These criteria are not explicitly religious or spiritual, but that may be for the better. While culture–pop or otherwise–is always the vestment for some set of philosophical and spiritual beliefs, its features indicate these only indirectly. Rabey’s questions about dialogue, characterization, and clichés about the human condition can help tease out the underlying beliefs at work in both the artifact and the kids.

In addition to Rabey’s three general criteria, we can add some that more directly connect our discipleship to artifacts of culture in the arts, and also in clothing styles, language, and other forms of expression (these questions will need to be re-worded and simplified for kids):

4. In what ways might this artifact (and perhaps our participation in it) compromise or enhance a life that conveys the goodness of God’s creation and all that God has done for us, yet respects God’s justice?

5. In what ways might this artifact (and perhaps our participation in it) compromise or enhance a life that conveys the structure and order, including the moral order, in God’s creation, yet does not reduce life to rigid legalism or flaccid antinomianism?

6. How might this artifact (and perhaps our participation in it) prompt me or others in a direction toward or away from God’s kingdom?
The question will have to be reworded and simplified for kids, but don’t underestimate young people. They struggle with questions like these which don’t have obvious answers and are subject to multiple responses that sometimes appear to conflict. But neither are the implications and outcomes of our cultural choices and behaviors always clear.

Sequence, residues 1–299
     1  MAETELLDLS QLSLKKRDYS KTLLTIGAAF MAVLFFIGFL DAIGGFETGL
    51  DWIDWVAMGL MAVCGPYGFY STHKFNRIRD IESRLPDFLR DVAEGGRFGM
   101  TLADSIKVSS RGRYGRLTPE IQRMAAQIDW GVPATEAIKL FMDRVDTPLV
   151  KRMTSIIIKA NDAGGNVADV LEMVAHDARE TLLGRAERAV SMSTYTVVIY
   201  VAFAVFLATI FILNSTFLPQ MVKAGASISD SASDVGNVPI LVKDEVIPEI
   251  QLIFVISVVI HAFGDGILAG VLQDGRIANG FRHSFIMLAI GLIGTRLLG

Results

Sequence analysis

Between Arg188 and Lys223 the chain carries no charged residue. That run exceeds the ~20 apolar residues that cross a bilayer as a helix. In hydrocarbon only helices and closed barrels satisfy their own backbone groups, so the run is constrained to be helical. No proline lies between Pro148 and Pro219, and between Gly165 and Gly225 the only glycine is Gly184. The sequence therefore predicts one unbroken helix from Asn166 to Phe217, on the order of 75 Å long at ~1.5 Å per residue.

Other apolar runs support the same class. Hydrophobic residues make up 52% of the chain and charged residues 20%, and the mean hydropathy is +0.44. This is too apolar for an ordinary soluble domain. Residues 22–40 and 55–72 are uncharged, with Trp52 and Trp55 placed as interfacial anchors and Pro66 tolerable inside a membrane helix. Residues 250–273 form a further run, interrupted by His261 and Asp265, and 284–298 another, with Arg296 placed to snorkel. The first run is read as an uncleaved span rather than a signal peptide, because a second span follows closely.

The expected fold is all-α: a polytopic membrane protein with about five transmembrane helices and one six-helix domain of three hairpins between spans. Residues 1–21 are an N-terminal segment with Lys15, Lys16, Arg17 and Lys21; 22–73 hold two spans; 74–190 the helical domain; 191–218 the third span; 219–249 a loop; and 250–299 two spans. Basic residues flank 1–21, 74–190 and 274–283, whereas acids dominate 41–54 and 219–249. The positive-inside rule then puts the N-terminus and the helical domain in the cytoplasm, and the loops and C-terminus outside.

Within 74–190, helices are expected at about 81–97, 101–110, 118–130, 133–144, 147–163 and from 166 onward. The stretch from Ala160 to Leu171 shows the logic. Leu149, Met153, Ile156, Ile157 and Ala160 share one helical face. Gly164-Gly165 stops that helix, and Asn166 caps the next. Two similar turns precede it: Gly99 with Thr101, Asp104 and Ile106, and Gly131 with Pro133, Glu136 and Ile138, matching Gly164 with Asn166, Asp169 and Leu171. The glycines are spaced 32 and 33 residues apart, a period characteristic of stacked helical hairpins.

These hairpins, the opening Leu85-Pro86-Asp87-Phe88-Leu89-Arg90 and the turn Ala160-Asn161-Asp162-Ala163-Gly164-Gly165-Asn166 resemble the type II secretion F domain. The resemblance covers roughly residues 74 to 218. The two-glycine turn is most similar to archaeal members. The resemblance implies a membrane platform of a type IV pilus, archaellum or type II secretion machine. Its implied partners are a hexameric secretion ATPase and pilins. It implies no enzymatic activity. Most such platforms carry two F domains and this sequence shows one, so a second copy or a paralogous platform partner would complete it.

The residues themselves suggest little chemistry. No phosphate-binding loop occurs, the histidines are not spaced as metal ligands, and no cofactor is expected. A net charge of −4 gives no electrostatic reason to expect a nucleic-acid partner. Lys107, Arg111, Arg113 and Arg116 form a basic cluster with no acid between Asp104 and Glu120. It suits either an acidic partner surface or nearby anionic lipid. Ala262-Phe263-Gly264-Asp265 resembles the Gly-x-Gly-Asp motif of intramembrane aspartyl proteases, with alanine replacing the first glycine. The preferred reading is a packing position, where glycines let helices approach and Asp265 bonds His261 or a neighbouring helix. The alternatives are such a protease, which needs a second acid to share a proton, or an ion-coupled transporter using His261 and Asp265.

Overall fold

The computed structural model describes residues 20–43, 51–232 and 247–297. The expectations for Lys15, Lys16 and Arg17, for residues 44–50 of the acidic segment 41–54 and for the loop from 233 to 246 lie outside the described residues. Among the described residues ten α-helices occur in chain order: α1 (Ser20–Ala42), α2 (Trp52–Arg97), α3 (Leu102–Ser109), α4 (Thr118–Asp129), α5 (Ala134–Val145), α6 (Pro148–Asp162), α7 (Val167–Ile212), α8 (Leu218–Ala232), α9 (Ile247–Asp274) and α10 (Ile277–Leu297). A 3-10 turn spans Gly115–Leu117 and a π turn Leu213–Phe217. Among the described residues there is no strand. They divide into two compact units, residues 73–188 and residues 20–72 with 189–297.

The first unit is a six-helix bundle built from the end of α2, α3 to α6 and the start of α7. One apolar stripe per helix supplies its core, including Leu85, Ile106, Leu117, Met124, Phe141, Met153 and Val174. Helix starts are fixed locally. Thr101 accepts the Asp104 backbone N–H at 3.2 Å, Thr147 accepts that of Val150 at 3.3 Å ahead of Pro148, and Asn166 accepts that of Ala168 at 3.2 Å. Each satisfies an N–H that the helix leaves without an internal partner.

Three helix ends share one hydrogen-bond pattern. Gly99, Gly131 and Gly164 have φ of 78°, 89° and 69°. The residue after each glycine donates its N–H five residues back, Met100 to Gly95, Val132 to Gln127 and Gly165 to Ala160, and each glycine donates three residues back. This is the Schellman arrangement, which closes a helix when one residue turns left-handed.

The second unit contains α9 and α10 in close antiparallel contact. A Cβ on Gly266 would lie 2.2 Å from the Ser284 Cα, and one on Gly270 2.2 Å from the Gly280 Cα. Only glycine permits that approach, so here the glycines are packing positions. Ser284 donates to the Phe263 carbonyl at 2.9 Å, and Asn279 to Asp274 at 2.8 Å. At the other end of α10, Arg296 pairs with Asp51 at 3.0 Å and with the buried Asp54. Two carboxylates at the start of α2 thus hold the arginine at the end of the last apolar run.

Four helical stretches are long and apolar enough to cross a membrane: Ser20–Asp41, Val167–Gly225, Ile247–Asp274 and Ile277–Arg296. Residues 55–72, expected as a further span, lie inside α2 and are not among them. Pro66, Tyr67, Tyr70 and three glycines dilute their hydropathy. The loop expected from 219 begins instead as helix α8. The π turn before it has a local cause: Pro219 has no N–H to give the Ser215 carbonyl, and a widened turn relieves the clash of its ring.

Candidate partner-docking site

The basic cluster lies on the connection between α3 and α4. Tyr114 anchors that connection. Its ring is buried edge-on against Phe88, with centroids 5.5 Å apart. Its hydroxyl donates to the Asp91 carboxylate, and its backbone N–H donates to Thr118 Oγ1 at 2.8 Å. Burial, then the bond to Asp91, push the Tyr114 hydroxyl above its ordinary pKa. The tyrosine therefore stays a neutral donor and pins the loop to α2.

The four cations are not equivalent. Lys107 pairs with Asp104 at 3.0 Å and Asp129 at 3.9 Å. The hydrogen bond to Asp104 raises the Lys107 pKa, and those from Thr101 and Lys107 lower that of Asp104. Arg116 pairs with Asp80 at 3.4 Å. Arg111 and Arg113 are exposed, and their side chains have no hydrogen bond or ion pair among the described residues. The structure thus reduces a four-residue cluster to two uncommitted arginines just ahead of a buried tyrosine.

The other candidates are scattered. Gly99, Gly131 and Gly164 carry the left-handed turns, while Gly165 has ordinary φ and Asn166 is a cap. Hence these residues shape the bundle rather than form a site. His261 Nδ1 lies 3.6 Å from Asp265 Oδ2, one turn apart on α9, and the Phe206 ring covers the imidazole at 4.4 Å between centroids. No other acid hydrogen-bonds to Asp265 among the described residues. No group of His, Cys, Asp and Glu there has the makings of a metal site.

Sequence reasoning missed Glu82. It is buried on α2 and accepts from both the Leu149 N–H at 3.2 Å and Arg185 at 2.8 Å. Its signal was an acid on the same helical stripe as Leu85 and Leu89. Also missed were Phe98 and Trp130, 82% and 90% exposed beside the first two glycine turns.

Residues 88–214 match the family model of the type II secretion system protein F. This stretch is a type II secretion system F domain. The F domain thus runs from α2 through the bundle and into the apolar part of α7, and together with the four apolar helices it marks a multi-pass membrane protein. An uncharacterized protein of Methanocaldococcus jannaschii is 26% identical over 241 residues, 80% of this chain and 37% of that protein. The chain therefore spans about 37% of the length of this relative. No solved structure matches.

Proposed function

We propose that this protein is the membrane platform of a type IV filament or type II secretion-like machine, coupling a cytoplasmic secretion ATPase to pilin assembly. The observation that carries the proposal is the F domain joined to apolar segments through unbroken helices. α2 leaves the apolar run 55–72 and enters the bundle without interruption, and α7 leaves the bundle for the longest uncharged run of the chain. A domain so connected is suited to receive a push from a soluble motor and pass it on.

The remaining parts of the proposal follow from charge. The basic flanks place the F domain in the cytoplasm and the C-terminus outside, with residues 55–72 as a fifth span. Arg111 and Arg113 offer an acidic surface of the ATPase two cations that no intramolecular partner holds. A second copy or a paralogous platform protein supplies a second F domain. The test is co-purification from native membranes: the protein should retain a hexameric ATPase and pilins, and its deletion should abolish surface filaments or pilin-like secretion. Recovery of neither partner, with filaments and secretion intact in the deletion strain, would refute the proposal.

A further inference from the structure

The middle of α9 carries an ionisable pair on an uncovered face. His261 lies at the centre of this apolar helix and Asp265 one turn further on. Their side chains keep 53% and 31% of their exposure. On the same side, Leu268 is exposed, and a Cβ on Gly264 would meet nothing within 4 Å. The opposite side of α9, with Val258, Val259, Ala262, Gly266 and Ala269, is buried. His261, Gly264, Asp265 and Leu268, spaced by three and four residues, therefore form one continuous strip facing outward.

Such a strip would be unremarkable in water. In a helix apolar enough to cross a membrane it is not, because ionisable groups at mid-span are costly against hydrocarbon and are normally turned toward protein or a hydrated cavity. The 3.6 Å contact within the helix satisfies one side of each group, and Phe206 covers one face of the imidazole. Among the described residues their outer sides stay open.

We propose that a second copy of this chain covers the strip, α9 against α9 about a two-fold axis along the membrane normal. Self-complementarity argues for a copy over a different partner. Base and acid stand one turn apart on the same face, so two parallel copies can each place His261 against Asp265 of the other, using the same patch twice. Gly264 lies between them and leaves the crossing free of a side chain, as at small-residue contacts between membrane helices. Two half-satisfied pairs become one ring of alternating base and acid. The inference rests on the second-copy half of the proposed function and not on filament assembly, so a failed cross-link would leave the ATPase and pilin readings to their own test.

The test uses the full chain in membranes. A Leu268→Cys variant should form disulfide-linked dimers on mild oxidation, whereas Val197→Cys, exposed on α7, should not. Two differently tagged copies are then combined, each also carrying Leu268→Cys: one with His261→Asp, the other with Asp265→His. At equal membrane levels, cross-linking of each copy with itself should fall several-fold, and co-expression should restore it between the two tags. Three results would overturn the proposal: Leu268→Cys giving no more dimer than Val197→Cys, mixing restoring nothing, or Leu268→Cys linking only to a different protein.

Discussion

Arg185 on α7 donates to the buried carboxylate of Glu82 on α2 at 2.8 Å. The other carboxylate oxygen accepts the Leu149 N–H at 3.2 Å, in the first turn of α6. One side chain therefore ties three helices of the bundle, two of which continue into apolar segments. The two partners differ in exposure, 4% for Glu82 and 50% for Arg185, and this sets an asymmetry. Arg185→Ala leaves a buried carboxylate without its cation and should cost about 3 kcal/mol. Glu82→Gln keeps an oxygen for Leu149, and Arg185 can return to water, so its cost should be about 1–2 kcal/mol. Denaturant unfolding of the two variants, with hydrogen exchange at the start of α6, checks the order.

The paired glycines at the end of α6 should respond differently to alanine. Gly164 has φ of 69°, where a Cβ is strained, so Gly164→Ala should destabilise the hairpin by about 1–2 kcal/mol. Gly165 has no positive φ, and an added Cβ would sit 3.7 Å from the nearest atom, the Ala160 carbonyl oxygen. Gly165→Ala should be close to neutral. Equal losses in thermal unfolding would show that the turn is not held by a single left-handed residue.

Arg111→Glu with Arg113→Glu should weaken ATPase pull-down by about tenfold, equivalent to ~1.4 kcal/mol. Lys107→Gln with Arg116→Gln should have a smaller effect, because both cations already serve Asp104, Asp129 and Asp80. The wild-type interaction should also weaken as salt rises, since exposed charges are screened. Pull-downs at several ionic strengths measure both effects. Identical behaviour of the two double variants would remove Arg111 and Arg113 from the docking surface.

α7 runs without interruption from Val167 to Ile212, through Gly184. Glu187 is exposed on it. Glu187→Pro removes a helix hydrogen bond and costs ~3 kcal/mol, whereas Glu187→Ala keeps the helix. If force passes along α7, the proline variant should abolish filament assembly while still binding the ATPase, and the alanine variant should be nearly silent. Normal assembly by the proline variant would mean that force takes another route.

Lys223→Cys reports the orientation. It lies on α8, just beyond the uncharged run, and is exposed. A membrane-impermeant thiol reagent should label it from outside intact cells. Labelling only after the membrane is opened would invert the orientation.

Paul had to deal with the major cultural issue of circumcision in the lives of two colleagues. In the case of Timothy, Paul endorsed going ahead with this spiritual-cultural sign for the sake of the Gospel (Acts 16:3). In the case of Titus, Paul adamantly refused others’ insistence that Titus be circumcised, again for the sake of the Gospel (Gal 2:3). His apparent inconsistency, however, is resolved by his larger principle of becoming all things to all people that by all means some may be saved (I Cor 9:19-23).

Moving young people to understand this intersection of faith and culture is long, hard work. Much of it can be done by helping them confront their own tastes and preferences, which are changing as quickly as the pop culture around them. William Willimon says, “Christianity without formation is no match for the forces at work in our society.” Whether its Penrod’s “ottomatick,” Obi Wan’s light saber, that Bratz doll, or internet porn, we’ve got lots of raw material to help kids compare and contrast their culture and the kingdom of God.

Dr. Russ Moulds serves as assistant professor of psychology at Concordia University-Nebraska.

Resources

For some thoughtful essays on this subject, see Christ and Culture in Dialogue, Angus Menuge, gen ed., Concordia Publishing House, 1999. The first essay, Niebuhr’s Christ and Culture Reexamined, provides helpful background for every teacher of the church.

For some practical movie clip applications, see The Source for Youth Ministry’s video clip section.